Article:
Celebrating International Games Day in the Library

9:35 PM 0 Comments A+ a-

A portion of our board games collection.
A few months ago I read the American Libraries Association announcement that Saturday, November 3rd was International Games Day, and it made a significant enough impression that I wrote it in my Google calendar and contacted the new (and very collaborative) Director of Student Activities to see what he thought. This just screamed "ready made library program" to me since, hey, I was prescient enough to have the Wii and a ton of board games. Would the kids go for it?

Heck, yeah, they did and I'm sure a big piece of the adolescent welcome those games received was due to the fact that my students are mentally fried - we have one more week of class prior to fall term exam week and this week was only three days long because of us being shut down for Hurricane Sandy. While most of our day student families escaped personal injury, there was still a ton of cleanup with some people having days without power. People who don't work at a school always think that it must be cushy to have days off, but I've got news for them - when it's not a planned vacation day, you end up doing five days of work in those three days of school (this is true for both students and faculty!).

Pictionary, and its high-octane sister, Cranium are popular.
So board games on a Friday afternoon were just what the doctor ordered for these overtaxed synapses; my kids leaped on the games like starving wolves when the final period concluded and they saw the boxes and the Wii all set up in one of my classrooms (playing until after 6 pm).

First to go was Monopoly, which ended up being an eight-person extravaganza complete with good-natured smack talk! Pictionary and Scrabble were next, my Wii controllers were snatched up for a waterboarding fiesta, and the noisy rustle of Boggle (with a lot of laughing) ensued in the corner. My new favorite game, Quelph, was purchased by the Activities Director (be sure you have a high embarrassment threshold prior to playing this one!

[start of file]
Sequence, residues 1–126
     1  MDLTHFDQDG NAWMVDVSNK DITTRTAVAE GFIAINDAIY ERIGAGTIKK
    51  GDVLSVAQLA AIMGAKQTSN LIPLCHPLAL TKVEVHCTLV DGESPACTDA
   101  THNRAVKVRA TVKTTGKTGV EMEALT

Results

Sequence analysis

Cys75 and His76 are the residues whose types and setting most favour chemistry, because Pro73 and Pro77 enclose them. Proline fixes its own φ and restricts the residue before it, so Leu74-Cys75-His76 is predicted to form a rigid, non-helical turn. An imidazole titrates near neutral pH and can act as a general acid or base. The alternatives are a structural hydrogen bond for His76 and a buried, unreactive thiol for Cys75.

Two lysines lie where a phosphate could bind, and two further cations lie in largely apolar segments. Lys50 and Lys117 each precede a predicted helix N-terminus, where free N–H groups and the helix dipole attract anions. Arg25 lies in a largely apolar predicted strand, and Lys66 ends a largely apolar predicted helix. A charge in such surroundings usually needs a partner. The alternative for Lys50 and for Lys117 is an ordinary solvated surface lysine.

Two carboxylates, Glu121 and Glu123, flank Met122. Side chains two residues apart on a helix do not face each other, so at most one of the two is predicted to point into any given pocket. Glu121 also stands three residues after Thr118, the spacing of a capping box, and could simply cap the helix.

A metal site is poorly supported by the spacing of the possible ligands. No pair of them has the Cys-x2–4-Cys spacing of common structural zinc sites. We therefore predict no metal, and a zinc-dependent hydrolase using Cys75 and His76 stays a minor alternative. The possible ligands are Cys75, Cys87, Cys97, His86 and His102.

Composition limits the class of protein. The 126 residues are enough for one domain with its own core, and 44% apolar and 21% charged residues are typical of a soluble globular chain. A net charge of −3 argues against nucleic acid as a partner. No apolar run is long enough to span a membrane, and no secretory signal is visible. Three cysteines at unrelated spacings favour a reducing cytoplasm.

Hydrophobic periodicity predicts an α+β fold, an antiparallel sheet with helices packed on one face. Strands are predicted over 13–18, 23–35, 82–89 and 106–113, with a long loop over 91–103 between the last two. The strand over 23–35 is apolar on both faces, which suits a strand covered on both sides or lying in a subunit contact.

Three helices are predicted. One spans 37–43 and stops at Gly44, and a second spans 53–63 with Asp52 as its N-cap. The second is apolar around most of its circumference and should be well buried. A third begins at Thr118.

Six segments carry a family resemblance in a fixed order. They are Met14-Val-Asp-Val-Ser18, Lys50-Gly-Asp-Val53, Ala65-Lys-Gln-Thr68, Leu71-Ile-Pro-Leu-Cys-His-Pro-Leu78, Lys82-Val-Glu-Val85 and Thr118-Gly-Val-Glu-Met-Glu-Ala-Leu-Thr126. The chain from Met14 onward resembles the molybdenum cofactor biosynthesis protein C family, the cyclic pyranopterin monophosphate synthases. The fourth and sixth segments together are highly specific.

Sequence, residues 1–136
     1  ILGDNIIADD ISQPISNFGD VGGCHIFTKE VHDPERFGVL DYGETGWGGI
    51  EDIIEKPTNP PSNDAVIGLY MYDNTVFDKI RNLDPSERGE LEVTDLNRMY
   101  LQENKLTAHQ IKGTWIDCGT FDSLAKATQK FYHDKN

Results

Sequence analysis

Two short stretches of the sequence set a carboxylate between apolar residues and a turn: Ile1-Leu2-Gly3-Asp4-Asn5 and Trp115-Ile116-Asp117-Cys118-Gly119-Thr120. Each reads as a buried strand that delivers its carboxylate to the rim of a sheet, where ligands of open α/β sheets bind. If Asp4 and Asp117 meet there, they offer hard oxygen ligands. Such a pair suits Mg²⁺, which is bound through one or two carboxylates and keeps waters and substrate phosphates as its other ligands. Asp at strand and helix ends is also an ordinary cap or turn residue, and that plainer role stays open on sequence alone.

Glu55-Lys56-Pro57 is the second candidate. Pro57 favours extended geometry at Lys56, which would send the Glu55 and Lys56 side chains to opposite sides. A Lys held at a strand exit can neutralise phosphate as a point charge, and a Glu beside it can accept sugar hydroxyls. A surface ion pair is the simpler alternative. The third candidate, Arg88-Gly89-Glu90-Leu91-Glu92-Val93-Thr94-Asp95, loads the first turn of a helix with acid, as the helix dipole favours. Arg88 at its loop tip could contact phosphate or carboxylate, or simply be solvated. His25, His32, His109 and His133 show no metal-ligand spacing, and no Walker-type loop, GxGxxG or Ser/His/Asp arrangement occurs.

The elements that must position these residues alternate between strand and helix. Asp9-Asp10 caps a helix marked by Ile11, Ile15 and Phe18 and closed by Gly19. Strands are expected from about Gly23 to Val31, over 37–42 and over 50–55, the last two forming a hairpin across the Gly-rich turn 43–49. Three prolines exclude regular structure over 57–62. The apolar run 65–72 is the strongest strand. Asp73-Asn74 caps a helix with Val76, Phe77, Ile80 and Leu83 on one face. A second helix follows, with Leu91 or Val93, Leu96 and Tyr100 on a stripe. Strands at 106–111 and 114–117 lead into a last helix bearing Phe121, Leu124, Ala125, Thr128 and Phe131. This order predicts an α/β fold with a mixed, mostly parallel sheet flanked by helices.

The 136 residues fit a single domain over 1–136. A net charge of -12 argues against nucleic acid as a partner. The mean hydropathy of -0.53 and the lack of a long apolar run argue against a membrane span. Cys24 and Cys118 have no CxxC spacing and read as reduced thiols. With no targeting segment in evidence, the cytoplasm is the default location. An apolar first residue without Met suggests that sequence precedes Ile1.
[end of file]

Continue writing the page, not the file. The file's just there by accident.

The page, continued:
Over 45 kids ended up relaxing over games in one form or another, and it was one of the easiest programs I ever administered. No food, no direction on my part, just friendly encouragement to the kids and the occasional walk around to take a picture or two. Minor effort on my part and over 10% of my student population entertained.

One startling surprise was that the Activities Director, genius that he is, also picked up a 550-piece jigsaw puzzle and it was a HUGE hit. Kids were talking about having a puzzle club since they loved sitting and working together on different portions, high-fiving and cheering when one of them saw a way to fit sections together. I'm wondering if the best collaboration would be for libraries in a given county or consortium to each buy four or five puzzles (the 500+ pieces ones can be found for under $10 online and at places like Kmart or toy stores) and then rotate them around. Garage sale divas could probably find amazing bargains, but I'd always worry that there would be pieces missing - maybe if you could find unopened boxes?

In reflection, there is no way I won't be doing Games Day, and more frequently than once a year. This provided a relaxing, cheap way for my library to use resources it had already and de-stress my student population. A perfect ending to a rough week!

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